By Amanda DeVoe and Kelsey Miller
As Dominick’s plans to close nearly all of its stores in the Chicago area on Dec. 28, some customers are left wondering what will take its place.
The store’s parent grocery chain, Safeway, filed a notice through the Worker Adjustment and Retraining Notification Act. According to the Chicago Tribune, Dominick’s lost $36.2 million in the first 36 weeks of 2013. Safeway accepted bids from competitors interested in buying the stores until Nov. 1.
According to reports, grocery store Jewel-Osco purchased four of Dominick’s 72 stores. After the holiday season, these stores will reopen as Jewel. Only about 450 employees will remain working at the new Jewel locations while approximately 5,000 employees will be left without jobs. Several news outlets report grocery stores Mariano’s and Kroger have also expressed interest in opening stores in Chicagoland. Neither company has given specifics on exact locations.
DePaul sophomore Samantha Carzoli anticipates a more reasonably priced store to occupy the empty space.
“I’m hoping that a Jewel does go in there,” she said. “I shop at Jewel back home so I’m not too upset about it.”
The Dominick’s at the corner of Fullerton and Sheffield avenues, which serves Lincoln Park and DePaul communities, shares a building and a parking deck with DePaul’s Centennial Hall, and conveniently located at the Fullerton red line stop in the Lincoln Park neighborhood. The university owns the building while Dominick’s rents the space. Some students say they are confused about how they will fulfill their grocery needs.
As a freshman, Austin Woodruff anticipated shopping at Dominick’s during the rest of his time at DePaul. His reactions of the closings were similar to most of his Lincoln Park peers.
“I thought it would be a successful business,” he said. “You have all these students who live on campus, like thousands I think. Where are they going to get their groceries? Dominick’s is right there. I found it very surprising.”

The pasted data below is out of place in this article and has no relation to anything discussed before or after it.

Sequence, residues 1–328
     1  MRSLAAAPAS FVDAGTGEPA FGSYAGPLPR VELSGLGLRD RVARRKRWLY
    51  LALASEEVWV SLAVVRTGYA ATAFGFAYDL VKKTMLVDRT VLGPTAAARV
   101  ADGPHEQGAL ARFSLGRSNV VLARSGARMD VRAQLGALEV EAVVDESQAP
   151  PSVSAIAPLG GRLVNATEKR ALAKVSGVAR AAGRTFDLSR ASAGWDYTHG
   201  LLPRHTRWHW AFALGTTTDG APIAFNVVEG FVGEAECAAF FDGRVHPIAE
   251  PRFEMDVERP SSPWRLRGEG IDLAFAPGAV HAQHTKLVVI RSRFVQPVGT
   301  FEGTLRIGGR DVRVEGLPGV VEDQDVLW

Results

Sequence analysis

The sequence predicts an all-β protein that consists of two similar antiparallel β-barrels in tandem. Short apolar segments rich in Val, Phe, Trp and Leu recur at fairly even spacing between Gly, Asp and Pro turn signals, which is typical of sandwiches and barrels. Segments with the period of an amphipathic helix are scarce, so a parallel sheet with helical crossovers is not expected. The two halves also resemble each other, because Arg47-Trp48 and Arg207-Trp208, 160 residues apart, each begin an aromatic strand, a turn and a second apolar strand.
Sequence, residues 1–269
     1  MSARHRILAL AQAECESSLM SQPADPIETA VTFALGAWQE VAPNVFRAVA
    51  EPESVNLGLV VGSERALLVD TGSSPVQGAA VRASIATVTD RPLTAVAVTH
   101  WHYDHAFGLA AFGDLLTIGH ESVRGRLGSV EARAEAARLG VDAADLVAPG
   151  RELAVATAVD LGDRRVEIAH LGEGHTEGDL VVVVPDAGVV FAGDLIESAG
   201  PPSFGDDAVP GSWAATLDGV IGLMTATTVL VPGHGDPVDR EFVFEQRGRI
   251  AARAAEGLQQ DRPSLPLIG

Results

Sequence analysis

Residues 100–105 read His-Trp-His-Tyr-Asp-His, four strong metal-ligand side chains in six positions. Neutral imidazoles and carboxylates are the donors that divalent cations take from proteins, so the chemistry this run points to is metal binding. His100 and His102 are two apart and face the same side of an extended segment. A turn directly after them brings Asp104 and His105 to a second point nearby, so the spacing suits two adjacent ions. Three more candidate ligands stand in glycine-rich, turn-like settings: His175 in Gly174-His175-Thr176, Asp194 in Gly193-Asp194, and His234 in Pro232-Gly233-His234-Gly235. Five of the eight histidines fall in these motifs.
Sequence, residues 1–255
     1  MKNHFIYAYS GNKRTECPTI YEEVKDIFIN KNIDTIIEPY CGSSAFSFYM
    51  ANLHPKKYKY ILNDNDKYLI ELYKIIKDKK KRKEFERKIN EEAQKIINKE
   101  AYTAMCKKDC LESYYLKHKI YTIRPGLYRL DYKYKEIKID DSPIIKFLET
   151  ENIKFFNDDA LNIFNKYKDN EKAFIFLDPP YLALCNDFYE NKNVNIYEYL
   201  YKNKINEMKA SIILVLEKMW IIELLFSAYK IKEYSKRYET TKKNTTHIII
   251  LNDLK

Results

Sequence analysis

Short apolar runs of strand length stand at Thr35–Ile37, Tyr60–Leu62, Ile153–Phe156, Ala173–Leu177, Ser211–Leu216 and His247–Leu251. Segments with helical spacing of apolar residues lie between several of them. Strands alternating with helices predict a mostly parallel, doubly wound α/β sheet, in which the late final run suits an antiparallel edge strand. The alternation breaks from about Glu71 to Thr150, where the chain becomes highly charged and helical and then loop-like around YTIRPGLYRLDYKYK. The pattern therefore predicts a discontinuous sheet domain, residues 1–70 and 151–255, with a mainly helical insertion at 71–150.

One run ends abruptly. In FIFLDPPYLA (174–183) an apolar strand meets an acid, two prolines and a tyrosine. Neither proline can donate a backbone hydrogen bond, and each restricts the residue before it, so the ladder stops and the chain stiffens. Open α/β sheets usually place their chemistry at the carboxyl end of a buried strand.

Woodruff and many other Dominick’s customers find the store to be one of the most cost-friendly in the area. One graduate student, Demetria Mosley, is not eager to compromise her budget.
Mosley has been shopping at Dominick’s since she moved to Chicago in September. As a South Carolina native, her grocery options back home compared to Chicago were already limited. She is a frequent shopper at the Fullerton location since she is often studying on the Lincoln Park campus.
Although Mosley lives closer to a Target, she said their groceries are not as cheap as she would like, especially on a compromised budget. She is afraid that she will not be able to find affordable cuisines once the store shuts its doors.
“I hate Target. There’s no way I’m shopping at Whole Foods and CVS, and Walgreens prices are too extreme. I might ask my boss to give me a raise just so I can afford to eat,” she said. “Hopefully Chicago will be smart and bring some cheap grocery stores for people to shop at but I wouldn’t be mad if they replaced it with a Chinese restaurant. Ain’t no reason to hate on Chinese food.”